Non-fiction: 6 (of which three were translated from other languages). None of the nonfiction books I read in 2019 totally blew me away, but I liked them all. If I’m picking highlights, I think I’d say The Philosopher in the Kitchen by Jean Anthelme Brillat-Savarin, which had some very interesting and very funny bits, even if I didn’t love all of it, and Walking by Erling Kagge, because I like walking and I like reading about it and I really liked the parts where Kagge talks about his own more offbeat walking experiences, like walking in LA or walking through sewer tunnels in New York with an urban explorer.

Plays: 1 (the excellent The Wolves by Sarah DeLappe, which I read one weekend morning).

I don’t really have specific 2020 reading goals, though there are some kids’ series I’ve never finished reading that I’d like to pick up where I left off (the Anastasia Krupnik books and the Dido Twite books come to mind) and also some books I’ve been gifted that I want to read (including Normal People by Sally Rooney and Black Wave by Michelle Tea).

2018 year-end wrap-up

December 31st, 2018

I definitely didn’t read as many books in 2018 as I did in 2017, but it was a good reading year nevertheless. I read 32 books in total:

Middle-grade and YA: 6. Highlights: Re-reading The Westing Game by Ellen Raskin, which I find as fun and quirky now as I did when I was a child. Finishing up Jeanne Birdsall’s Penderwicks books with The Penderwicks at Last, with its warmth and sweetness. (I especially love how Birdsall writes about dogs. Aww.) Kat and Meg Conquer the World by Anna Priemaza, which was smart and fun and depicted a story of teen friendship with lots of heart.

Fiction for grown-ups: 17. Highlights: Winter and How to be both by Ali Smith, who is one of my favorite authors: I love how linguistically/stylistically playful her books are, and also how full of empathy. Sing, Unburied, Sing by Jesmyn Ward, with its themes of history and memory and family and its compelling plot. Inferno by Eileen Myles, with its wry humor and descriptions of life as a queer writer in New York. Malacqua by Nicola Pugliese, with its descriptions of Naples and water and weather and a city/society that just doesn’t work properly.

Non-fiction (including autobiographical comics): 9. Highlights: Calypso by David Sedaris, which made me laugh a whole lot even though I’d read a lot of the pieces before. Going into Town by Roz Chast, because Chast captures the things she likes about New York City so well (and because I like a lot of the same things she does), and also because her art is always so fun to look at. The Lonely City by Olivia Laing, because it was interesting to learn more about artists whose stories I only knew slightly, and because I liked the way that Laing included bits of her own New York experience.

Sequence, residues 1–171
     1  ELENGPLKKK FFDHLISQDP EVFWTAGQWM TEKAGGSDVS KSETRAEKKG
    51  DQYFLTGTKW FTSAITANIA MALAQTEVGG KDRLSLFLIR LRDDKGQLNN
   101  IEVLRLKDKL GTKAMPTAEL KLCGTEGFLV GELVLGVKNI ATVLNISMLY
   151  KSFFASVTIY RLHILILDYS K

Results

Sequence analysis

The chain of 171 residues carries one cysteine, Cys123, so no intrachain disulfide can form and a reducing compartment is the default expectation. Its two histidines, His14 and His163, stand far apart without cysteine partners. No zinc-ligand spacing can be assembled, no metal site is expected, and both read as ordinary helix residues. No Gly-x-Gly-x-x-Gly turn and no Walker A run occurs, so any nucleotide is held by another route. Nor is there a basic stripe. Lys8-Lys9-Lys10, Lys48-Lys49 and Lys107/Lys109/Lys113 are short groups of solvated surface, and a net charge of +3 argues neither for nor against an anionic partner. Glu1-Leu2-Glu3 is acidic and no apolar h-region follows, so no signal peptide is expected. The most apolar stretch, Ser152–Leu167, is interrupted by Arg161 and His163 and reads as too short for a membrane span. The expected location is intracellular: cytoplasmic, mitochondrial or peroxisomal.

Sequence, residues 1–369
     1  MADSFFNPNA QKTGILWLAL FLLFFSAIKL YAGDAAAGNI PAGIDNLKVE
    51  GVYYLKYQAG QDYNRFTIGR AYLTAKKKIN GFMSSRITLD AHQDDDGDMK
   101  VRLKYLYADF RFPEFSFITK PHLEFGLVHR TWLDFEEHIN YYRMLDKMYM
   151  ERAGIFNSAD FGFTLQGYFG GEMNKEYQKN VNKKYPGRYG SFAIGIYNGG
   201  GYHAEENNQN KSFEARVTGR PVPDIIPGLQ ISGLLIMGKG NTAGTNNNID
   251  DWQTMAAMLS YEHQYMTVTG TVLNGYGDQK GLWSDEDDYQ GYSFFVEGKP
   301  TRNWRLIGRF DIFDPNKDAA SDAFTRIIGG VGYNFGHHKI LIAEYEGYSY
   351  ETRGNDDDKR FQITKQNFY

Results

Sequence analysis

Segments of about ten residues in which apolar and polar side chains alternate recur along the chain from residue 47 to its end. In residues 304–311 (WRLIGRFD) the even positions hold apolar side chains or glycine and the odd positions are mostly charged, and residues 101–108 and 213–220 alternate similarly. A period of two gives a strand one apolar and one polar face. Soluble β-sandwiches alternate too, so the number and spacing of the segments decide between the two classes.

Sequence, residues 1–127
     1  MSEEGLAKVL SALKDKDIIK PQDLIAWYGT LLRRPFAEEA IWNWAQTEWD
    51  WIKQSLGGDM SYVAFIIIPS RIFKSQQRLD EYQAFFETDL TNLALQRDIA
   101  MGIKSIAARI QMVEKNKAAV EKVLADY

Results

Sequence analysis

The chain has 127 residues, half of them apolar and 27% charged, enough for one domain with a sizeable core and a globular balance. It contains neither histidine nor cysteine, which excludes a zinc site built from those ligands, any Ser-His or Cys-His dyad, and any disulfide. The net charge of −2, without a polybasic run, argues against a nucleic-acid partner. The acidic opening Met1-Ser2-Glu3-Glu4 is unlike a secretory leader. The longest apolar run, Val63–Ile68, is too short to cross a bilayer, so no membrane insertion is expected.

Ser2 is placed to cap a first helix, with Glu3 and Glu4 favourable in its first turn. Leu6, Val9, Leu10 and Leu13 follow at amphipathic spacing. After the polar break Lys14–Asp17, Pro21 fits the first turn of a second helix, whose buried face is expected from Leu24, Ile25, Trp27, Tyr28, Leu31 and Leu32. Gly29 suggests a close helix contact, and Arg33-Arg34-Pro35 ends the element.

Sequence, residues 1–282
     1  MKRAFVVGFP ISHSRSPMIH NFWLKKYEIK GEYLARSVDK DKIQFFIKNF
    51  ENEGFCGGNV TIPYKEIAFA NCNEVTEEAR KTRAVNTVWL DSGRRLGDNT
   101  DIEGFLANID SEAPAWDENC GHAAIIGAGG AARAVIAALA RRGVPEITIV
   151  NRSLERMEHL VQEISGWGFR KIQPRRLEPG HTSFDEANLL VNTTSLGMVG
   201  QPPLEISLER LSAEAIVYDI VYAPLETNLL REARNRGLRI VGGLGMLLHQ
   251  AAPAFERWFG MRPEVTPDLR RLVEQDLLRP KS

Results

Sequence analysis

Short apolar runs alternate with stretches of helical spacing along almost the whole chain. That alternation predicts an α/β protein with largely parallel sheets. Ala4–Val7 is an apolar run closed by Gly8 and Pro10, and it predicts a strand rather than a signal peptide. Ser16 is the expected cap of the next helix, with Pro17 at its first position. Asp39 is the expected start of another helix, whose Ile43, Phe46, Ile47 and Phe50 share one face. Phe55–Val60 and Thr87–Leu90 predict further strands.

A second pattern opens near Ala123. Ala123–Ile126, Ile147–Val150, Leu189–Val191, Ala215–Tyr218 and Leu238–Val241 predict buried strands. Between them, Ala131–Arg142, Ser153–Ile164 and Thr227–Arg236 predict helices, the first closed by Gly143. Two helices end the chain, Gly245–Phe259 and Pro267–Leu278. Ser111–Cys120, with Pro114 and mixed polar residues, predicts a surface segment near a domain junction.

I don’t know what 2019 will hold for me, reading-wise, but I’m looking forward to reading more books from my own shelves (I know: I say that most years) and seeing where my reading moods take me.

2017 year-end wrap-up

December 30th, 2017

It’s not quite the end of the year yet, but I think it’s unlikely I’ll finish another book over the next two days, so here goes. I think 2017 was the first year ever in which the number of movies I saw was greater than the number of books I read, which I attribute to having started to date someone who a) is very into/knowledgable about film b) has a MoMA membership and frequently gets us tickets to film screenings there and c) convinced me to join MoviePass, which has been a thoroughly enjoyable experience. But it was a solid reading year for me, too. I read fewer books than last year (50, as opposed to 52 last year) but enjoyed most of what I did read. The breakdown:

Picture books/middle-grade books/YA (including one play): 15. Highlights: Mermaid in Chelsea Creek by Michelle Tea, with its magic of intuition and empathy, and the way it mixed fantasy/Chosen One elements with real-world/coming-of-age elements. Roll of Thunder, Hear My Cry with its smart/no-nonsense protagonist and its depiction of a Black family in the South in the 1930s. The First Rule of Punk by Celia C. Pérez with its mix of prose and visual art, and its mix of plot-focused narrative and lovely descriptive passages. I also loved re-reading The Dark Is Rising by Susan Cooper in December.

Fiction (for grown-ups, including graphic novels): 23. Highlights: Empty Streets by Michal Ajvaz, with its gradually unspooling connected stories, The Chimes by Anna Smaill, with its gorgeous and musical writing, and Autumn by Ali Smith, which is so full of heart. I also was totally engrossed by Hag-Seed by Margaret Atwood, both of Seanan McGuire’s Wayward Children books, and Max Gladstone’s latest in the Craft sequence: but, really, I read a lot of good fiction this year. More of what I read this year was of the plot-driven/delicious variety than the thorny/challenging variety, and I’m OK with that.

Non-fiction (including autobiographical comics): 12. In the books-about-other-places category I really liked Marcelino Truong’s graphic memoir about the Vietnam of his childhood, Such a Lovely Little War, and Nell Stevens’s Bleaker House, about going to the Falkland Islands to write. In the books-about-sex category, I was delighted by Emily Witt’s really really smart book of essays, Future Sex, and by Toni Bentley’s memoir about sex/submission/transcendence, The Surrender. And of course I loved Tamara Shopsin’s Arbitrary Stupid Goal, which includes a lot of great bits about the NYC of decades past and about Shopsin’s quirky/interesting family.